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Who’s Running the Show?

One of the threads that runs through nonprofit success is the leadership tension between the executive director and the board of directors. Nonprofit advisers like me have our radar up and working when we first meet nonprofit leaders: how is the fit between the staff leader and the volunteer leader? Are they clear on their roles? Is there some tension there?
It’s unusual to find everything hunky-dory. And if it seems “copacetic,” that’s good! I like “copacetic”! But it’s weird if it’s like that all the time.
It’s also important to recognize that some creative or leadership tension is a good thing. A little push back-and-forth can help push accomplishments up a notch. Not a bad thing.
Most folks get the notion that in the world of nonprofit management, we look to staff for management. Staff operate the deal. They get a budget and accompanying work plan approved by the board, and check in on progress as agreed.
The board is responsible for fiduciary oversight. They set the strategic direction. They need to know that what’s happening aligns with the direction they agreed to. And the board relies on staff to keep their eyes on the horizon for changes in trends, and to bring information like this back so they know when the marketplace their nonprofit is working in is undergoing change.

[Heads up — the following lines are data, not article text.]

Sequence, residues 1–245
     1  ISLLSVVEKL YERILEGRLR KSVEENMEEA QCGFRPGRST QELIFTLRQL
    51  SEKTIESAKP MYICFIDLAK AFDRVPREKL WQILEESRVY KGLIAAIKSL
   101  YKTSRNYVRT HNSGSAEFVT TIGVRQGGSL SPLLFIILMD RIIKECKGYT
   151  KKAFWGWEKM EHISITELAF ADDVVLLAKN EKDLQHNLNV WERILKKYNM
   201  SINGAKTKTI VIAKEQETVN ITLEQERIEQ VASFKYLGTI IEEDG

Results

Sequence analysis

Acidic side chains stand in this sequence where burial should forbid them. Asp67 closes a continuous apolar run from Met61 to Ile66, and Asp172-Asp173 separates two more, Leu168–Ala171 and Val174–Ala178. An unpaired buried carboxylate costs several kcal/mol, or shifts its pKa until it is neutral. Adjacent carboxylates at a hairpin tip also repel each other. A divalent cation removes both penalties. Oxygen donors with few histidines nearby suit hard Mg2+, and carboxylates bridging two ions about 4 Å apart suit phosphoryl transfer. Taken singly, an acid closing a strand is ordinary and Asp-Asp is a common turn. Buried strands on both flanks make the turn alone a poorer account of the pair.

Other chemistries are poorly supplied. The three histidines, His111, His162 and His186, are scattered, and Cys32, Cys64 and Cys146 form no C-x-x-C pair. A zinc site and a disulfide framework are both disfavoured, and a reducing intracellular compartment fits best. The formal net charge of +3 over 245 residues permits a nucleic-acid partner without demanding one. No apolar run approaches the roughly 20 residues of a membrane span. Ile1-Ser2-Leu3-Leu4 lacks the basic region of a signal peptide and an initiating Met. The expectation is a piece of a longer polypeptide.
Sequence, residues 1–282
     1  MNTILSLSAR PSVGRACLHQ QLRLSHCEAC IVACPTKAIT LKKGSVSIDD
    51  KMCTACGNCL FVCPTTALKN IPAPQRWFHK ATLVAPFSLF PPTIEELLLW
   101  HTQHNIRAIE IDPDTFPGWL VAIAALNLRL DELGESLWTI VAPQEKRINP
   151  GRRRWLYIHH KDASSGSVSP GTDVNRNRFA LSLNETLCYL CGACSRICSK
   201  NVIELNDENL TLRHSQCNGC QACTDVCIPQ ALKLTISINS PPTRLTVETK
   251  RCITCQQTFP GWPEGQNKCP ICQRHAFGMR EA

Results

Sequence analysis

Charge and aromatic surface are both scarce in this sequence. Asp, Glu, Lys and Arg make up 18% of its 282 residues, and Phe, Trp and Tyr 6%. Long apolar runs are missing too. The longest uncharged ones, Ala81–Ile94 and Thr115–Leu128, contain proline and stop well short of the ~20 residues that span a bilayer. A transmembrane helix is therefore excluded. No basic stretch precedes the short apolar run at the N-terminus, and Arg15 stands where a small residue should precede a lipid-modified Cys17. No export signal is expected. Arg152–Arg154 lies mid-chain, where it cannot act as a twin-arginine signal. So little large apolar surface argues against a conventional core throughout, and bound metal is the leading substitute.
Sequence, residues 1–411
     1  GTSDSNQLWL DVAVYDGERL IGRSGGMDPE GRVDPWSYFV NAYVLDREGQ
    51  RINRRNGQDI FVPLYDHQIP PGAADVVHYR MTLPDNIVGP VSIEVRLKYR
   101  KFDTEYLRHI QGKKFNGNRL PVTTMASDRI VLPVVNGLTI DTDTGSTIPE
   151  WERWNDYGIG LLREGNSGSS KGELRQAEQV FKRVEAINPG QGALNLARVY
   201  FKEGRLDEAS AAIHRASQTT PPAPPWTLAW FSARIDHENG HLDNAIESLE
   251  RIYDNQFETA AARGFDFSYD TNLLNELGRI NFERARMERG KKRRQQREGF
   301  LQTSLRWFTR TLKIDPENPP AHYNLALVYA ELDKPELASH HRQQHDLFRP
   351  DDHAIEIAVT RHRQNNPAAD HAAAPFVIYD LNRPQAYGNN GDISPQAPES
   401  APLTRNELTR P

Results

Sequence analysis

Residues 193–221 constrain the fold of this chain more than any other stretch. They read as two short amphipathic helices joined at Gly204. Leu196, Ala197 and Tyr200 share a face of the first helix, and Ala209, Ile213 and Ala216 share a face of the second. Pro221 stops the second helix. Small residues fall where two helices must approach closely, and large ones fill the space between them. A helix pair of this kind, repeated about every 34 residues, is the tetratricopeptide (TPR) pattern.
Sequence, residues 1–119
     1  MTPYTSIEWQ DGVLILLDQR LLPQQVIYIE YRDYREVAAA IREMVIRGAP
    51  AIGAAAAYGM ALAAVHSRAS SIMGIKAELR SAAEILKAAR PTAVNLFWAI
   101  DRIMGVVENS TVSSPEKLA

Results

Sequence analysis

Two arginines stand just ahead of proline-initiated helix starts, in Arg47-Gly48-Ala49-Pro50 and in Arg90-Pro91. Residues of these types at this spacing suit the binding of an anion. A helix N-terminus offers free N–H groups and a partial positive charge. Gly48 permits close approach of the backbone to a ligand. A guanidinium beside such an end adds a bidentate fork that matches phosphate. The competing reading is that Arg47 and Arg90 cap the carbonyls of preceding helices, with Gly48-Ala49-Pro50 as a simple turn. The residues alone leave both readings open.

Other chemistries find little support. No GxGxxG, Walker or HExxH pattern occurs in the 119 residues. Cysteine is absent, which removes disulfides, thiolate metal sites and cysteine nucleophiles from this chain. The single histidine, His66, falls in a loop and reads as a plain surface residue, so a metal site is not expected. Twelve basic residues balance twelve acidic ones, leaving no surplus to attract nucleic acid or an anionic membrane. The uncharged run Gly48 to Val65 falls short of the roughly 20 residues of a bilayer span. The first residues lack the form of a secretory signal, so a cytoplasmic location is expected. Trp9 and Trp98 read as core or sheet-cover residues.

No relationship is perfect.
But all parties need to start with the premise that we need to work from a “give-and-take” position if we’re going to make our nonprofit work well. Yes, we have a fine mission. Yes, our primary customers are pleased with the service we’re providing. But.
Why are a couple of staff members carping to board members about the executive?
Why is the executive doing so much talking at board meetings?
Why do some board members stay away from our meetings?
Nonprofit board leaders and staff leaders committed to a process of “continuous improvement” (remember that old TQM term?) can find ways to overcome bumps in the road that need to be addressed.
Nonprofit boards committed to their periodic self-assessment and training give themselves the best chance to work effectively on their roles.
Nonprofit CEO’s who get a sound performance review each year based on agreed-to objective criteria know what’s expected…what they need to deliver to keep the board on board.
People of good faith committed to advancing the nonprofit mission, and working collaboratively to get the job done, have the best chance of success and feeling good about the relationships within the organization.
There are sound practices that can make this work well.
If the caution light comes on, and folks worry over “who’s running the show?” it’s time to address the concerns and get roles and responsibilities clarified so toes don’t get stepped on. Or crushed. Or steam-rollered.
If It’s The Results can help you to get at clarity on matters such as these, and get back to a collaborative atmosphere, let us know at s.p.99smith@gmail.com or 781-334-4915.

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